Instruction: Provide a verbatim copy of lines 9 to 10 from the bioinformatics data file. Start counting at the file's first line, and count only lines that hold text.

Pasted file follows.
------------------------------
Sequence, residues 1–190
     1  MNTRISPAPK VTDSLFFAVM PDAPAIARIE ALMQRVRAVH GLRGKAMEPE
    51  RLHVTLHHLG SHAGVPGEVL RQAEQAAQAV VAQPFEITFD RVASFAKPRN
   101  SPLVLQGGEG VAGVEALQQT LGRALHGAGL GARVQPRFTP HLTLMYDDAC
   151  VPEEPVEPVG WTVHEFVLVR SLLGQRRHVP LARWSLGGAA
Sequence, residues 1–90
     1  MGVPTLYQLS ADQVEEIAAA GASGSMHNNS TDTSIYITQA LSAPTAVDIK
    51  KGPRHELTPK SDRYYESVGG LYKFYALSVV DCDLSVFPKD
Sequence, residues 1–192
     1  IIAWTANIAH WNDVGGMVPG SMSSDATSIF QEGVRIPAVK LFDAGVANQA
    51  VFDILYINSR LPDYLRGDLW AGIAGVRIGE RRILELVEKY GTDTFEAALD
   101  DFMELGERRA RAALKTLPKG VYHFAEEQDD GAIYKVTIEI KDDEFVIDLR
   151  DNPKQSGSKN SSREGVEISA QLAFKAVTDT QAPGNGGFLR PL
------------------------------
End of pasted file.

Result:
Sequence, residues 1–192
     1  IIAWTANIAH WNDVGGMVPG SMSSDATSIF QEGVRIPAVK LFDAGVANQA